The minor pentatonic scale is an amazing scale that can create stunningly beautiful riffs, runs, and melodies. It is a fantastic way to start improvising and exploring in minor keys because there are only 5 notes!
If you don’t know the minor pentatonic scale, I’m so excited for you. It will change the way you think about improvising.
In this lesson, I’m going to show you how to play the minor pentatonic scale, and then show you 3 really cool patterns to start your improvising with. As always, these are just guides to get you started. I’d really encourage you to take them and make them your own!
The coolest thing about the minor pentatonic scale is that the notes of the scale are exactly the same as the notes of the RELATIVE major pentatonic scale. For example, the notes of the D major pentatonic scale are D-E-F#-A-B.
The relative minor of D major is B minor. So the B minor pentatonic scale has EXACTLY the same notes, just starting on B.
So it’s B-D-E-F#-A.
This leads us to our first pattern. Just get to know the pentatonic scale by playing the notes up and down over a chord progression. This progression is Bm-G-D-A.
This one is similar to the first, but now we are going to explore the scale a bit more. First, you can play the scale all the way up, but this time add the B at the top.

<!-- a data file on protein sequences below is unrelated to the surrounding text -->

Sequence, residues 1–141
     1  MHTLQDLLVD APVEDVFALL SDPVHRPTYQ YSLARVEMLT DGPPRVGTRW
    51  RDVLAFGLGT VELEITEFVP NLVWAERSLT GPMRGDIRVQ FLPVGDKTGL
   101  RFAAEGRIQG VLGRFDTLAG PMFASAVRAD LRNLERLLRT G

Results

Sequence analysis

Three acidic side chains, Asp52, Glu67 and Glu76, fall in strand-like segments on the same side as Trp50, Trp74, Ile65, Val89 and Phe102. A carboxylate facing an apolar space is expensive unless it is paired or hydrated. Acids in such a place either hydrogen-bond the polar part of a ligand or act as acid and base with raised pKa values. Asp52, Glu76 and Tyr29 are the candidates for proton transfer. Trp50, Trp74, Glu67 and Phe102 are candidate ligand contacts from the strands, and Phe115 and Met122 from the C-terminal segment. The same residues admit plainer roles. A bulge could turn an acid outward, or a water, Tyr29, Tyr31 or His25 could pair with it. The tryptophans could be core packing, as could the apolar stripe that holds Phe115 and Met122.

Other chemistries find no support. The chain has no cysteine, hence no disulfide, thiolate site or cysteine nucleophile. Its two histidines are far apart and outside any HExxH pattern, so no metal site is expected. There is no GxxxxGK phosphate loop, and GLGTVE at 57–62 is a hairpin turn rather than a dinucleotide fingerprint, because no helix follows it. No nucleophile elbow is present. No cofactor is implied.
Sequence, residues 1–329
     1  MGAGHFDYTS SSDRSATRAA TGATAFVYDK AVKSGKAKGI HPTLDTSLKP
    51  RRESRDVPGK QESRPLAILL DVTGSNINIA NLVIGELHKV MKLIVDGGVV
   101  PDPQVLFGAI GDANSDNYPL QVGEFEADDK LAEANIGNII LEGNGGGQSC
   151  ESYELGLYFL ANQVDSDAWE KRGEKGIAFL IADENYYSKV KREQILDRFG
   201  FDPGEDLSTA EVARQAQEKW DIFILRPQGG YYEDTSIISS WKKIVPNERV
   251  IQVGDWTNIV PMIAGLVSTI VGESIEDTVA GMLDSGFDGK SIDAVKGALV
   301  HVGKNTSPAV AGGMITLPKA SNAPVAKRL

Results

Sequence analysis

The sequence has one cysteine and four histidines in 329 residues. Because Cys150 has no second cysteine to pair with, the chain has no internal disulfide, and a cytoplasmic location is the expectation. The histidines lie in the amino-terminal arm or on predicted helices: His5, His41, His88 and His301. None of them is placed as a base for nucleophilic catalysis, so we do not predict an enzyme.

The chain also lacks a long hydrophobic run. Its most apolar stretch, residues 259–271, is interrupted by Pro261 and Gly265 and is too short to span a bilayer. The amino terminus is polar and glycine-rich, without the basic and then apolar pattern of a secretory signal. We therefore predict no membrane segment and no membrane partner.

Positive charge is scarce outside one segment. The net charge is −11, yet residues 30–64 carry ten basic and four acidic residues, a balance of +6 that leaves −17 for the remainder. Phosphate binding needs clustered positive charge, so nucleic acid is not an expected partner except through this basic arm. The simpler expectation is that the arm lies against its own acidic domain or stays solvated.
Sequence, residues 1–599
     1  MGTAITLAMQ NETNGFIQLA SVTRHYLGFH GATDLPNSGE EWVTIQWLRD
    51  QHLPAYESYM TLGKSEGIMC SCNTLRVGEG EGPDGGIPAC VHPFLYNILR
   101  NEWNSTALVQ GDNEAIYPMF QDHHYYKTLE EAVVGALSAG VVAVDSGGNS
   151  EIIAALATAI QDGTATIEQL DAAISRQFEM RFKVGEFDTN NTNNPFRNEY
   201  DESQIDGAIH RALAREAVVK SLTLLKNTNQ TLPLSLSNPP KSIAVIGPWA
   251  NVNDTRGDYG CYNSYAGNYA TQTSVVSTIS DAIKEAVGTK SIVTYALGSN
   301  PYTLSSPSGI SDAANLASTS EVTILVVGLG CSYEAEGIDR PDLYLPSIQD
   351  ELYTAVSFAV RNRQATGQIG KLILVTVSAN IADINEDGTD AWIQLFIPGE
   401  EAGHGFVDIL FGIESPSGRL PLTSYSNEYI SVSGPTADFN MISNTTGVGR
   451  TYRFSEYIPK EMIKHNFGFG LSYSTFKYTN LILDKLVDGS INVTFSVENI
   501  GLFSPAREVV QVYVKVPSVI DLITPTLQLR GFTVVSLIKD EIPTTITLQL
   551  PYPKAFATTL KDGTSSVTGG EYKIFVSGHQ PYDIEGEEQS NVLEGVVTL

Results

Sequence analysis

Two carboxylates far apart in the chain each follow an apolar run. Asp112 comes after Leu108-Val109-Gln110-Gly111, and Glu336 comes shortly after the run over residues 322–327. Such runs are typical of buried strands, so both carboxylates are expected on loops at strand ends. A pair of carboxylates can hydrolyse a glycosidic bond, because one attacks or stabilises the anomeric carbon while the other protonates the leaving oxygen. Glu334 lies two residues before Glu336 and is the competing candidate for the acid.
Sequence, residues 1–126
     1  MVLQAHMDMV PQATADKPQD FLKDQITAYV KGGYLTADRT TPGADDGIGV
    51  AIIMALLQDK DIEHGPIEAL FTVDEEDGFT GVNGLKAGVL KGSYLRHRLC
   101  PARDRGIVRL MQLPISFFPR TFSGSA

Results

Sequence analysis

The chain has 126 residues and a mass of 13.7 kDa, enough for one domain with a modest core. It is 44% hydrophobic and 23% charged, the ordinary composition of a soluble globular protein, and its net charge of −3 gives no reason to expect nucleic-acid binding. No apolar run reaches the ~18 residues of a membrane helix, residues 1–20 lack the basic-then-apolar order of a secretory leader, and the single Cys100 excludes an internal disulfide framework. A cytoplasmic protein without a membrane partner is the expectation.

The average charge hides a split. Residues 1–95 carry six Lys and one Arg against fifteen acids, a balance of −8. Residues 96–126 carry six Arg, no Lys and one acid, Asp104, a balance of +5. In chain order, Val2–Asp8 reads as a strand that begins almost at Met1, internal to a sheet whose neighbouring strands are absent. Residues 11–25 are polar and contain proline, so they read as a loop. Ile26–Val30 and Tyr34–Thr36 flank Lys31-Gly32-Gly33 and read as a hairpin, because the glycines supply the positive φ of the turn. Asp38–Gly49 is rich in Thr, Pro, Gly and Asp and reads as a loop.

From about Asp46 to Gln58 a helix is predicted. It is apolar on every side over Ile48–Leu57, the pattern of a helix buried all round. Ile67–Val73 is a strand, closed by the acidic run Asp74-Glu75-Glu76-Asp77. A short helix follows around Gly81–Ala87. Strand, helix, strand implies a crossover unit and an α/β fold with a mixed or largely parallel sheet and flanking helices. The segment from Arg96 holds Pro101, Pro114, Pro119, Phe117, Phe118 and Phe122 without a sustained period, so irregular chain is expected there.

Then start playing around with landing on other notes of the scale. Remember there are 5 to choose from, and they will all sound good. This is a great way to explore your creativity while knowing that you will still be safe within the scale.
This final pattern sounds really different from the other two because we are actually taking some notes OUT of the scale. All of the notes in the pentatonic scale will sound good over the progression, but that doesn’t mean you have to play all of them!
This time just play B-F#-A-B. So really we are only using 3 of the 5 notes of the scale, but it still sounds beautiful.
Take these patterns, get comfortable with the scale and then start improvising and exploring on your own!
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